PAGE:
While I was away over the summer the local free paper, the Victoria News, did a (to my mind) high quality series on reburial and respect in Songhees and Esquimalt communities (cache). The three articles by Lisa Weighton include comments from numerous aboriginal spiritual and political leaders, and sensitively describes how Straits Salish faith asserts that the dead are always with the living. The dead do not conveniently depart to some other place, but continue in a world alongside and intersecting the world of the living.
Hence ancestral remains are not something belonging to a past which can be “gotten over” but are very much part of the present world. Laying a person to rest, or back to rest after disturbance, requires food, clothing and prayer. I don’t pretend to understand the concept well, but I have been to some such ceremonies and the power of the moment is impossible to deny. In my limited experience the article fairly represents the spiritual and emotional needs that must be met under the sad circumstance of disturbing the dead. It is incumbent on archaeologists and all citizens to not only work to minimize disturbance of the dead but to respect traditional practices. It has been impressed on me that such practices are meant to protect us, the living, First Nations or not, as well as to give comfort and respect to the dead. This should now be considered absolutely part of mainstream archaeology.
As I linked some time ago, the City of Victoria has recently been acting quite responsibly in paying for reburial and associated ceremonies of human remains found during City construction activities (those links are now mainly dead, unfortunately). The VicNews article also gives credit to former Mayor Allan Lowe for at least opening lines of communication with Songhees and Esquimalt Chiefs, and there is interesting commentary on the historical relationship between the Chinese and Aboriginal communities in Victoria:
Lowe said he knows other mayors weren’t successful in trying to build those relationships. Perhaps he was successful because he wasn’t white.
“The Chinese were also discriminated against and I still remember some of my friends that I would meet down in Chinatown, and one (First Nations) guy … used to tell me, ‘we’re very close to the Chinese community because when no one else would allow us to go to the restaurants, we were welcome in Chinatown.’”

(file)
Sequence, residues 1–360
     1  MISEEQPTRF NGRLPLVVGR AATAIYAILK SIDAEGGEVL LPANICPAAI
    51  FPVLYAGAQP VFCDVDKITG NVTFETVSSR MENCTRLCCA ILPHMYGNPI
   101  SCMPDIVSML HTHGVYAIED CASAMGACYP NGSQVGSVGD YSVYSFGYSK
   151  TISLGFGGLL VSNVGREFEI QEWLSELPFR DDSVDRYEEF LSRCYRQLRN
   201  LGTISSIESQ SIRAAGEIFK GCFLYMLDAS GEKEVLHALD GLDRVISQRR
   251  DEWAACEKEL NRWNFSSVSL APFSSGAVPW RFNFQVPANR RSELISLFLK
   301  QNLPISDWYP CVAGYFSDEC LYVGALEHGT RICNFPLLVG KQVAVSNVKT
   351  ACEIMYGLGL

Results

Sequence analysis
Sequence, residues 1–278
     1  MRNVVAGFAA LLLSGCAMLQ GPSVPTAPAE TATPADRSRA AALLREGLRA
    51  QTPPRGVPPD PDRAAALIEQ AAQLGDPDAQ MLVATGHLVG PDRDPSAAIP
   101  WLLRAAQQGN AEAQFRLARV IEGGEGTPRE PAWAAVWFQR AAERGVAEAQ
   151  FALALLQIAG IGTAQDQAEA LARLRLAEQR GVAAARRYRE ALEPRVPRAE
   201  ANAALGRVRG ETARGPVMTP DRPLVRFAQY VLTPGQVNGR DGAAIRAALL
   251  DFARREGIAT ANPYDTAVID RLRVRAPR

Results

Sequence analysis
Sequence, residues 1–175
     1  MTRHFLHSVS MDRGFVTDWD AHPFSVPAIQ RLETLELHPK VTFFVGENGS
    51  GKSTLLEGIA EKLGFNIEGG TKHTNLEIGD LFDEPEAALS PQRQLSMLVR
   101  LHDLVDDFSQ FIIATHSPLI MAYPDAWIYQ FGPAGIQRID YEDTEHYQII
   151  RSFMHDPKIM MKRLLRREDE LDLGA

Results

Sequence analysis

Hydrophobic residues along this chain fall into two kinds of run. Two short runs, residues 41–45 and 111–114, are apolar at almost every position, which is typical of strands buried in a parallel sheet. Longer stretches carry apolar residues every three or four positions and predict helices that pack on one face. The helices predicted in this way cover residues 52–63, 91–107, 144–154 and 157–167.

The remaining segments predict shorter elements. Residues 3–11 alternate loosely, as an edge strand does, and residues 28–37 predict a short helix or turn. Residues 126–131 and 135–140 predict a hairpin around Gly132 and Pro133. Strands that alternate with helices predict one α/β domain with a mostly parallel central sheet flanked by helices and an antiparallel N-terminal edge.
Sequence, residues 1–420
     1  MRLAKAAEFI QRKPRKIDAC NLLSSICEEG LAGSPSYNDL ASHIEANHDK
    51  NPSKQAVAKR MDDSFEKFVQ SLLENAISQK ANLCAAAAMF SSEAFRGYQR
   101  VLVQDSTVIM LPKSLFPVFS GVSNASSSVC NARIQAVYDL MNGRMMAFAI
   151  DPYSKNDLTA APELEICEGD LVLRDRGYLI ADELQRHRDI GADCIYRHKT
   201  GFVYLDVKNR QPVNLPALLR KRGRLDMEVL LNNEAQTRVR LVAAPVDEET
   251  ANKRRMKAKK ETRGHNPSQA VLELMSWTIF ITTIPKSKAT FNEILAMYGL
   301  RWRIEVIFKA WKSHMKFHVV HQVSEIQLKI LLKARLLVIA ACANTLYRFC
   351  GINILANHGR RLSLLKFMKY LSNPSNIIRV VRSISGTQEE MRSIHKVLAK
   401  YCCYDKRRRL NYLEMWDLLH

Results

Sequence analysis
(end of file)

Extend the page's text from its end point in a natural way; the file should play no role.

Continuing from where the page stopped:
I remember going to a commemoration related to the Chinese Cemetery in the early days of Allan Lowe’s tenure as mayor. Former UVIC professor David Lai gave a wonderful speech, the punchline of which was a quote he had dredged up from a 19th century issue of the Daily Colonist, in which their phrase to express “until hell freezes over” was “until a Chinaman [sic] was Elected Mayor of Victoria”. Does it seem ludicrous to posit a First Nations Mayor of the City of Victoria?
nice post – i’ve engaged in just such an event up here; see – http://ycdl4.yukoncollege.yk.ca/frontier/files/anth225/0228AugReburialPotlatchRED.pdf
powerful stuff, indeed, and the right thing to do.
take care down there, norm easton
Hi Norm, thanks for stopping by. Interesting article, I see they use the word “forgive” in reference to your actions, yet elsewhere it is made clear that it was “meant to be.” It’s a pretty thorough and well written article on the face of it. I note that once again the archaeology was a catalyst for new social relations in the present, what with the three weeks of discussion – which must have also been a forum for many important topics to be aired. The “meant to be” makes sense in that there is indeed a variety of outcomes of such a discovery and many of them can be unexpected, and good. Anyway, hope you are doing well!